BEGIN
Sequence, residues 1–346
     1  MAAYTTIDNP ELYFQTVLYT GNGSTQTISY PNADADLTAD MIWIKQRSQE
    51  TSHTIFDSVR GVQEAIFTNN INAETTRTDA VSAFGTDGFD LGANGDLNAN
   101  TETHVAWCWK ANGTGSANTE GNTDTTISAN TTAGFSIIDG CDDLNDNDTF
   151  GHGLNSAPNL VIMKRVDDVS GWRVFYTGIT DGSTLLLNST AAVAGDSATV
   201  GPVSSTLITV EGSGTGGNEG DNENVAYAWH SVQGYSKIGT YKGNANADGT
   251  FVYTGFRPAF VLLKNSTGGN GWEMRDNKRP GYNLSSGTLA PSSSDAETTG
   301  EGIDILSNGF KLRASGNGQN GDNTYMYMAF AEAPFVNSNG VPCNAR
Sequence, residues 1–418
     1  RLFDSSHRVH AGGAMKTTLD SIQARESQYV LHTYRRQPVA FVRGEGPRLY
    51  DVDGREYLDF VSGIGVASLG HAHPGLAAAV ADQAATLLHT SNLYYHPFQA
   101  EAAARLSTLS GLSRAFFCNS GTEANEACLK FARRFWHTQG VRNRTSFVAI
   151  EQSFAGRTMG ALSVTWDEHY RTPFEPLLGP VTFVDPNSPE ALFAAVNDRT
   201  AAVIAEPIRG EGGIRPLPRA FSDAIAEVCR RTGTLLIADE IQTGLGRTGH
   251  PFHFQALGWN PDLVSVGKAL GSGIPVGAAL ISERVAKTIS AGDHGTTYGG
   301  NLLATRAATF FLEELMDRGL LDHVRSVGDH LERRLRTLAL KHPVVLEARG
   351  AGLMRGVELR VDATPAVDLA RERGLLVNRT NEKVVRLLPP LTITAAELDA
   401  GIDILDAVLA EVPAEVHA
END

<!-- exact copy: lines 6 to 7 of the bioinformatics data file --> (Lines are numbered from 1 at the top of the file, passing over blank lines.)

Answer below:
   201  GPVSSTLITV EGSGTGGNEG DNENVAYAWH SVQGYSKIGT YKGNANADGT
   251  FVYTGFRPAF VLLKNSTGGN GWEMRDNKRP GYNLSSGTLA PSSSDAETTG